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An excerpt from www.HouseOfNames.com archives copyright 2000 - 2016


Of all the Anglo-Saxon names to come from Britain, Stend is one of the most ancient. The name is a result of the original family having lived in the parish of Staines in the counties of Middlesex and Surrey. The latter appears in the Domesday Book [1]CITATION[CLOSE]
Williams, Dr Ann. And G.H. Martin, Eds., Domesday Book A Complete Translation. London: Penguin, 1992. Print. (ISBN 0-141-00523-8)
as "Stanes" derived from the Old English word "stan" and meant "place at the stones". [2]CITATION[CLOSE]
Mills, A.D., Dictionary of English Place-Names. Oxford: Oxford University Press, 1991. Print. (ISBN 0-19-869156-4)
One of the first records of the name was Sir William Staine who married into the Yarboroughs of Heslington Hall about the year 1100.

Stend Early Origins



The surname Stend was first found in Yorkshire where they may have given their name to a number of places in Yorkshire including several Staintons, Stainland, Stainforth or Stainburn. Staines-upon-Thames, commonly referred to simply as Staines, is a town on the River Thames in the borough of Spelthorne in Surrey (in the historic county of Middlesex.) Early records also revealed Richard of Staines (or Richard de Stanes) (d. 1277), a English clerical judge who acted as an Itinerant Justice, then was appointed justice of the Court of King's Bench in 1209 and finally Lord Chief Justice in 1269.

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Stend Spelling Variations


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Stend Spelling Variations



The first dictionaries that appeared in the last few hundred years did much to standardize the English language. Before that time, spelling variations in names were a common occurrence. The language was changing, incorporating pieces of other languages, and the spelling of names changed with it. Stend has been spelled many different ways, including Stain, Staine, Staines, Stane, Stanes, Stayn and others.

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Stend Early History


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Stend Early History



This web page shows only a small excerpt of our Stend research. Another 157 words (11 lines of text) covering the years 1725, 1613, 1665 and 1640 are included under the topic Early Stend History in all our PDF Extended History products and printed products wherever possible.

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Stend Early Notables (pre 1700)


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Stend Early Notables (pre 1700)



Another 48 words (3 lines of text) are included under the topic Early Stend Notables in all our PDF Extended History products and printed products wherever possible.

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The Great Migration


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The Great Migration



Thousands of English families in this era began to emigrate the New World in search of land and freedom from religious and political persecution. Although the passage was expensive and the ships were dark, crowded, and unsafe, those who made the voyage safely were rewarded with opportunities unavailable to them in their homeland. Research into passenger and immigration lists has revealed some of the very first Stends to arrive in North America: Ruth Staines who settled in Barbados in 1691; William and Mary Staines settled in Maryland in 1775; Charles Staines settled in North Carolina in 1674.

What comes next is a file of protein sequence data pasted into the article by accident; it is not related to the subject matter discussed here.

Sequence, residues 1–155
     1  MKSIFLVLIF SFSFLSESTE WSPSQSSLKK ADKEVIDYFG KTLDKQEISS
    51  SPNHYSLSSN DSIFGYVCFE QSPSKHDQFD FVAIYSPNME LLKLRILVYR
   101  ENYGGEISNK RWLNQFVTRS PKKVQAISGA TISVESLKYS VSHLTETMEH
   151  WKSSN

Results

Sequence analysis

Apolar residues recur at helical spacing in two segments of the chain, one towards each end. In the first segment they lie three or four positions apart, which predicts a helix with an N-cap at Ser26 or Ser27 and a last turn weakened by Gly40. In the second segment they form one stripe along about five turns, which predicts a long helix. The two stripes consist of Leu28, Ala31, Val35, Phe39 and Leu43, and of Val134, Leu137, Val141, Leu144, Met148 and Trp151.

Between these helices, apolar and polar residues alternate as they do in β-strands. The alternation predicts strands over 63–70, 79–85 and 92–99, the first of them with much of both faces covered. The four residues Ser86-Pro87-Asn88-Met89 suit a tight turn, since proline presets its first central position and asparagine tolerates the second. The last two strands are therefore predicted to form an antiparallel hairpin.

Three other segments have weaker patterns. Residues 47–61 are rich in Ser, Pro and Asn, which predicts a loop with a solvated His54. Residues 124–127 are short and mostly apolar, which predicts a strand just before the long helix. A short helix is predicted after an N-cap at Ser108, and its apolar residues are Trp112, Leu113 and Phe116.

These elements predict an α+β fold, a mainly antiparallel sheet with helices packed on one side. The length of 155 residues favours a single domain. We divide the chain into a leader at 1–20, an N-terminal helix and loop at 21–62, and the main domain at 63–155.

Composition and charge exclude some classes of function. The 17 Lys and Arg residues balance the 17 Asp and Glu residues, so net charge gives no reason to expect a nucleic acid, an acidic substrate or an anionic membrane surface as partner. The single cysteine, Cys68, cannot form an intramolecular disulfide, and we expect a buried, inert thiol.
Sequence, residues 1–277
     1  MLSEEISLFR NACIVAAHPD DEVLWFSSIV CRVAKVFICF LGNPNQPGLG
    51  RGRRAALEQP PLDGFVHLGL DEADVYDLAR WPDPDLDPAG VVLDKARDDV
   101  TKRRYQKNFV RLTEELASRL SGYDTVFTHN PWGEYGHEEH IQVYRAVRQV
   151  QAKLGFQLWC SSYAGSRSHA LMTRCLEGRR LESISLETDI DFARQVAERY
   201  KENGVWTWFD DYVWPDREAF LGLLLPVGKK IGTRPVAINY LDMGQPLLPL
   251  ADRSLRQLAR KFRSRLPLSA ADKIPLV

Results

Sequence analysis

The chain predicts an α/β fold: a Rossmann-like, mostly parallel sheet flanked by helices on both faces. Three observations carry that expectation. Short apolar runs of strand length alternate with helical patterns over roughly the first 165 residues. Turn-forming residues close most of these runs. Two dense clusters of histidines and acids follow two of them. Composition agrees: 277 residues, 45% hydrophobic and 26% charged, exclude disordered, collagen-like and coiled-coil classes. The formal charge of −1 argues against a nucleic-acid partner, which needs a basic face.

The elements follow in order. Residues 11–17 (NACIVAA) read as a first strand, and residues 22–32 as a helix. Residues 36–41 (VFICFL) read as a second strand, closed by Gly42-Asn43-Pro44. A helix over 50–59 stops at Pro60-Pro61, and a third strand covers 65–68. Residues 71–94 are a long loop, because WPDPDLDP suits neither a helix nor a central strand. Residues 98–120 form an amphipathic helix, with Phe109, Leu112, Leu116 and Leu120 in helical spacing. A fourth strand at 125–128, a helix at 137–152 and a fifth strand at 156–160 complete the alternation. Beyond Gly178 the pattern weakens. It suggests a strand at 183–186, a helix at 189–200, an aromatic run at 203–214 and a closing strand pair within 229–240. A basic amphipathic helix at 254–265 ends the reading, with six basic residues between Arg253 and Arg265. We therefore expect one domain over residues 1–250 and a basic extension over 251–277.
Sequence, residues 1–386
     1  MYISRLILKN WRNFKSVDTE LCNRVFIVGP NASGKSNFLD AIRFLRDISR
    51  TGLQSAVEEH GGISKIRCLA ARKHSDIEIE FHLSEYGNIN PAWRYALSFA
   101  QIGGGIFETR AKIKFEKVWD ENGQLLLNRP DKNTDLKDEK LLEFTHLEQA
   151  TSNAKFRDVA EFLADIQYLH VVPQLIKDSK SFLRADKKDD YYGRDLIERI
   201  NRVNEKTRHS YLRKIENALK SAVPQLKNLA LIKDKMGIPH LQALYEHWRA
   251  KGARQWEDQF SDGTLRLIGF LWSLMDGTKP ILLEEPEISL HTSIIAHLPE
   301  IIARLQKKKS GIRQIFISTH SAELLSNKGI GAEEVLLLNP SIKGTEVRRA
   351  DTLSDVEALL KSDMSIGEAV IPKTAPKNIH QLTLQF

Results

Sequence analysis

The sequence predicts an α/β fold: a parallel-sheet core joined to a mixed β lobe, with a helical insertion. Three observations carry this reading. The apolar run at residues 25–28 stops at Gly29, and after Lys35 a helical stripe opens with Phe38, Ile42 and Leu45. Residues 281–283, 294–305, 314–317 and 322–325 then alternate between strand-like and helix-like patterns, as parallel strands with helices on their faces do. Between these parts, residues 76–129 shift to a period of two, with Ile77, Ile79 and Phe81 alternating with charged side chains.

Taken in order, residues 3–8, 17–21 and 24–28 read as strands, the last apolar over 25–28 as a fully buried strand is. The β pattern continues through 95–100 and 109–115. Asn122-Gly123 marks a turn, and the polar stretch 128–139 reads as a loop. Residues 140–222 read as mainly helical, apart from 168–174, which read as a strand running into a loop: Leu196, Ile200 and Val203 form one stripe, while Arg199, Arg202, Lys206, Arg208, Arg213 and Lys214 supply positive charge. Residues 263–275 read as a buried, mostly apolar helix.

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Stend Family Crest Products


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Stend Family Crest Products




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See Also


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See Also




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Citations


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Citations



  1. ^ Williams, Dr Ann. And G.H. Martin, Eds., Domesday Book A Complete Translation. London: Penguin, 1992. Print. (ISBN 0-141-00523-8)
  2. ^ Mills, A.D., Dictionary of English Place-Names. Oxford: Oxford University Press, 1991. Print. (ISBN 0-19-869156-4)

Other References

  1. Leeson, Francis L. Dictionary of British Peerages. Baltimore: Genealogical Publishing, 1986. Print. (ISBN 0-8063-1121-5).
  2. Robb H. Amanda and Andrew Chesler. Encyclopedia of American Family Names. New York: Haper Collins, 1995. Print. (ISBN 0-06-270075-8).
  3. Humble, Richard. The Fall of Saxon England. New York: Barnes and Noble, 1975. Print. (ISBN 0-88029-987-8).
  4. Matthews, John. Matthews' American Armoury and Blue Book. London: John Matthews, 1911. Print.
  5. Hanks, Patricia and Flavia Hodges. A Dictionary of Surnames. Oxford: Oxford University Press, 1988. Print. (ISBN 0-19-211592-8).
  6. Egle, William Henry. Pennsylvania Genealogies Scotch-Irish and German. Harrisburg: L.S. Hart, 1886. Print.
  7. MacAulay, Thomas Babington. History of England from the Accession of James the Second 4 volumes. New York: Harper and Brothers, 1879. Print.
  8. Colletta, John P. They Came In Ships. Salt Lake City: Ancestry, 1993. Print.
  9. Burke, Sir Bernard. Burke's Genealogical and Heraldic History of the Landed Gentry: Including American Families with British Ancestry. (2 Volumes). London: Burke Publishing, 1939. Print.
  10. Williams, Dr Ann. And G.H. Martin, Eds. Domesday Book A Complete Translation. London: Penguin, 1992. Print. (ISBN 0-141-00523-8).
  11. ...

The Stend Family Crest was acquired from the Houseofnames.com archives. The Stend Family Crest was drawn according to heraldic standards based on published blazons. We generally include the oldest published family crest once associated with each surname.

This page was last modified on 15 May 2015 at 07:40.

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